Tuesday, October 23, 2007

Hunting for Treasures

I love processing wool. Over the years I have processed probably close to a dozen fleeces. Lately I have fallen in love with Shetland wool. It is not easy to come across you just have to look around and be patient. There are different kinds of Shetland wool the "original" ones have a double coat with guard hairs and all that you really do not want. The ones available in the USA have been bred to decrease the guard hair. What is left if a beautiful wool with a distinct shine to it, it is sticky, not because of lanolin but because of the structure of the scales on individual hairs. But that is topic of another conversation.
Here I just wanted to show what I did with Oliver. I found Oliver on the Spin Sales list. His fleece had not been advertised because he had not been coated and had lots of VM. Since I know how to get rid of VM and I wanted to comb the fleece anyway, it really did not matter and the price was more than right.



As soon as the mailman delivered, I took it out of the bag OUTSIDE THE HOUSE just to make sure no unwelcome visitors (read moths) had tagged along. Plus I wanted to lay the fleece out and separate the neck fibers.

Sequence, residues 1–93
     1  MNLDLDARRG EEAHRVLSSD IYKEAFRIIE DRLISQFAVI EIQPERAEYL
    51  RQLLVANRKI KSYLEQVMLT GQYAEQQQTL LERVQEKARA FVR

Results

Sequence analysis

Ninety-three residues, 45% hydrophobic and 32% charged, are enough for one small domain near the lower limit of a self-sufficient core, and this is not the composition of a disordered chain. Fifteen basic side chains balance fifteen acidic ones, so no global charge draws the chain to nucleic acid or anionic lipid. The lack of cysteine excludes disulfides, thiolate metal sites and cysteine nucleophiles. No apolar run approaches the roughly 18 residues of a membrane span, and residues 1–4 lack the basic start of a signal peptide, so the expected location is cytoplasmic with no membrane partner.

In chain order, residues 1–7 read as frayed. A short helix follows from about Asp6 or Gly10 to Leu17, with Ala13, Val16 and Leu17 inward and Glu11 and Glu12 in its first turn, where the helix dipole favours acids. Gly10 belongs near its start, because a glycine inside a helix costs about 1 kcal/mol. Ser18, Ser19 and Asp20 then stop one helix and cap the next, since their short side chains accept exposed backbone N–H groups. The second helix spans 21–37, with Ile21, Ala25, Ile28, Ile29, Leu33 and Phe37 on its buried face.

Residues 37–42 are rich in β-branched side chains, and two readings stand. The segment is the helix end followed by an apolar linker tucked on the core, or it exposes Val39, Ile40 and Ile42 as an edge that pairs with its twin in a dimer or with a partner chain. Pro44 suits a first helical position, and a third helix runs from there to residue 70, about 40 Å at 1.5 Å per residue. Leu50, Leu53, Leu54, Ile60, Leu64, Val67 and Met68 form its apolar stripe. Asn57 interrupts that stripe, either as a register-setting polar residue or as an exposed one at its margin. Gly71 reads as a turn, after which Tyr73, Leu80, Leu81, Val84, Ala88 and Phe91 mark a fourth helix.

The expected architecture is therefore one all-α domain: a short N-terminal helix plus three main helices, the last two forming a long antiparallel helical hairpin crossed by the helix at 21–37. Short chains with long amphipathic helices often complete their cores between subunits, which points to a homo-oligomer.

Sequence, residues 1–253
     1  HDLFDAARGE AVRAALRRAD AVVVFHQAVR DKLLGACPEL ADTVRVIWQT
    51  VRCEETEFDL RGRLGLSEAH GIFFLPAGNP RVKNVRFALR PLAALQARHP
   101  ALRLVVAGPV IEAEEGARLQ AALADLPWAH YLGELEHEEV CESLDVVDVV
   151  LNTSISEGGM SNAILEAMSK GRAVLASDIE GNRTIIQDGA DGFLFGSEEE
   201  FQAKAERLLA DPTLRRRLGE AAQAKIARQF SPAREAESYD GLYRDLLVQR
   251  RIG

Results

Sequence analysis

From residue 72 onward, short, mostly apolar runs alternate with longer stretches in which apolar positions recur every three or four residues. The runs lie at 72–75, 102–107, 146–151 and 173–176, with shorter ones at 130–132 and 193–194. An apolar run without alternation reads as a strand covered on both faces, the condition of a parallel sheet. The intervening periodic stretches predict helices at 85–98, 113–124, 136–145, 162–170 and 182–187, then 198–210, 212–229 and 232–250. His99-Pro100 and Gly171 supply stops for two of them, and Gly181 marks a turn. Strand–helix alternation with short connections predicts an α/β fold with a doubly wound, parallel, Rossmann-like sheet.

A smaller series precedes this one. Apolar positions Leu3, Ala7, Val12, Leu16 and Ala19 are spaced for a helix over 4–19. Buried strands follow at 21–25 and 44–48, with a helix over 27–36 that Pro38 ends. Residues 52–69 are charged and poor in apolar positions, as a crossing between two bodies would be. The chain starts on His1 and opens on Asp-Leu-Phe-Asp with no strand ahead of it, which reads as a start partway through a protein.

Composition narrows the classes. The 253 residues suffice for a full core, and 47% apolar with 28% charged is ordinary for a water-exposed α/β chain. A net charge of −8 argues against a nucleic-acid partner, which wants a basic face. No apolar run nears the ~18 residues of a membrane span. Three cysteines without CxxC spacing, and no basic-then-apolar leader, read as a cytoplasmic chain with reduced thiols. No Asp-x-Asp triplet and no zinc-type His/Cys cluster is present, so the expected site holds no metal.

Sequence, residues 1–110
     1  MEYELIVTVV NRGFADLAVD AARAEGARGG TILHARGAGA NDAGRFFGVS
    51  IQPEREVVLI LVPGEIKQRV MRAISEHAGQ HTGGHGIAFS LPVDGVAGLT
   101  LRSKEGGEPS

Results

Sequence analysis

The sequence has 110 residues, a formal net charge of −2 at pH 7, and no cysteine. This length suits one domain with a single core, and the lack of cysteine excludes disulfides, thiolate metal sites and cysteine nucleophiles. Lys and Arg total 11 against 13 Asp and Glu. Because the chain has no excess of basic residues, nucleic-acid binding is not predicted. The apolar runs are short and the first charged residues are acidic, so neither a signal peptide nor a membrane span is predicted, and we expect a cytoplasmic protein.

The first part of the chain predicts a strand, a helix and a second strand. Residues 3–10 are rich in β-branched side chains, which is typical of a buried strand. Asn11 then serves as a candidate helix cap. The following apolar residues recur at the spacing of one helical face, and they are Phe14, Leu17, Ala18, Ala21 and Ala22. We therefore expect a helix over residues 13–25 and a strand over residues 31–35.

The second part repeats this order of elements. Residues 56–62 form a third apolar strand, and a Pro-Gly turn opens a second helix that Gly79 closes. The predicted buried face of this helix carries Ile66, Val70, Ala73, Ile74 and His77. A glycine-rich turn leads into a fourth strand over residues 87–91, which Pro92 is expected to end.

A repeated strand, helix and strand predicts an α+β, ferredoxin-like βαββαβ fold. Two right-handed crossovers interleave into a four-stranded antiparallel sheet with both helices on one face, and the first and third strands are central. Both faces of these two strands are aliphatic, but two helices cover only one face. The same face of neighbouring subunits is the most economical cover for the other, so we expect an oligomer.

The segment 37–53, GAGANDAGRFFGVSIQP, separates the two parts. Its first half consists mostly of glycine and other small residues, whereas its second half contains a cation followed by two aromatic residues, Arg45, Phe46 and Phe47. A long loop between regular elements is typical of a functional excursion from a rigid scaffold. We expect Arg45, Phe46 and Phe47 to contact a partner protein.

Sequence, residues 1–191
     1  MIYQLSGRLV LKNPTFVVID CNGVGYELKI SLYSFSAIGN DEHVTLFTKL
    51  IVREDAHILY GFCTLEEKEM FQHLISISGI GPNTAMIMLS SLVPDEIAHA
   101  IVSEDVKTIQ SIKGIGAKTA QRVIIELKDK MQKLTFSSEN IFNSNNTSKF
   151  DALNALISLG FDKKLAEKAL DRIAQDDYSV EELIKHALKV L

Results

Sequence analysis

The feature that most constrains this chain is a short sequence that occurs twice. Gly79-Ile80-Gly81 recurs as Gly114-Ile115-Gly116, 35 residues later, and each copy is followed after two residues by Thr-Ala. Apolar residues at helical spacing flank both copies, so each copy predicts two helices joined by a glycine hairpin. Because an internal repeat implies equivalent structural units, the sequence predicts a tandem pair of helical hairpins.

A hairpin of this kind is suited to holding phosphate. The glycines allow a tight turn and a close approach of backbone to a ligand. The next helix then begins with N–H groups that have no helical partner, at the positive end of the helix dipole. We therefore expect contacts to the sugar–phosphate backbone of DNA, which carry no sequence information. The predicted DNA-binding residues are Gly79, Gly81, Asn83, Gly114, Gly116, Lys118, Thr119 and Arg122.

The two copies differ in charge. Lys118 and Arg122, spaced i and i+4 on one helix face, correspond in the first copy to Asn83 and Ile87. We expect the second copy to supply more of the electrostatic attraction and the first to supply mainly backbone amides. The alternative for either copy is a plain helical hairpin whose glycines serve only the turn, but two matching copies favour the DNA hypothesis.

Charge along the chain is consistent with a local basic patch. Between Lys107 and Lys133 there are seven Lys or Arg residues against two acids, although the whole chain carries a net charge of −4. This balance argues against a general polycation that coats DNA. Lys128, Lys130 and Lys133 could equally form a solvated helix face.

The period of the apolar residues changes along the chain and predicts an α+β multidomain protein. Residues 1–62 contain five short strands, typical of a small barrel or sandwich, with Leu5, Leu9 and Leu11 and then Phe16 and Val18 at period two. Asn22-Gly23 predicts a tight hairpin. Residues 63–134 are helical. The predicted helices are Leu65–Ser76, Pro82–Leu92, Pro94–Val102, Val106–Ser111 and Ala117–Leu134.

The neck is the softest part of the fleece but it also has the most VM. In this picture I had already separated the two halves and had the neck pretty much sorted out. Aside from identifying the neck as the area with most VM it is also helpful to identify the butt end. Even fleeces that have been heavily skirted as this one was, have some evidence of the rear end......



Once the neck fiber had been identified and set aside, I separated the fleece into four "even" parts. Here I flipped one of the four to look at the inside. There is a definite color difference aside form dust and dirt that is more prominent in the outside, the inside also has less exposure to sun light. On the right hand corner you see the bag in which the fleece was shipped. I like feed bags because they save on shipping weight. Just make sure and ask the seller to put the wool inside a plastic bag and then the feed bag, you really do not want a wet fleece at your door step!



This is a staple sample. I should have used a ruler for scale, just trust me that it is about 8 inches long. You can easily see the crimp. A sound fleece test was done at this point. Hold the staple from each end and give it a strong firm .....jerk is probably the word. What you are looking for is a distinct sound that is hard to describe. Also you are making sure that the staple is not broken and has no weak spots. If the staple is broken or weak you are likely to end up with nepps if you card or a lot of waste if you comb.

Fast forward several days during which I put each one of the four parts into mesh bags and soaked the wool in warm (not hot) water several times until the water was fairly clear. I do this using 5 gallon buckets. Just because they are handy and not too heavy to tip over to drain. Once this was accomplished I added Dawn dish soap. The amount is exactly a 'squirt' !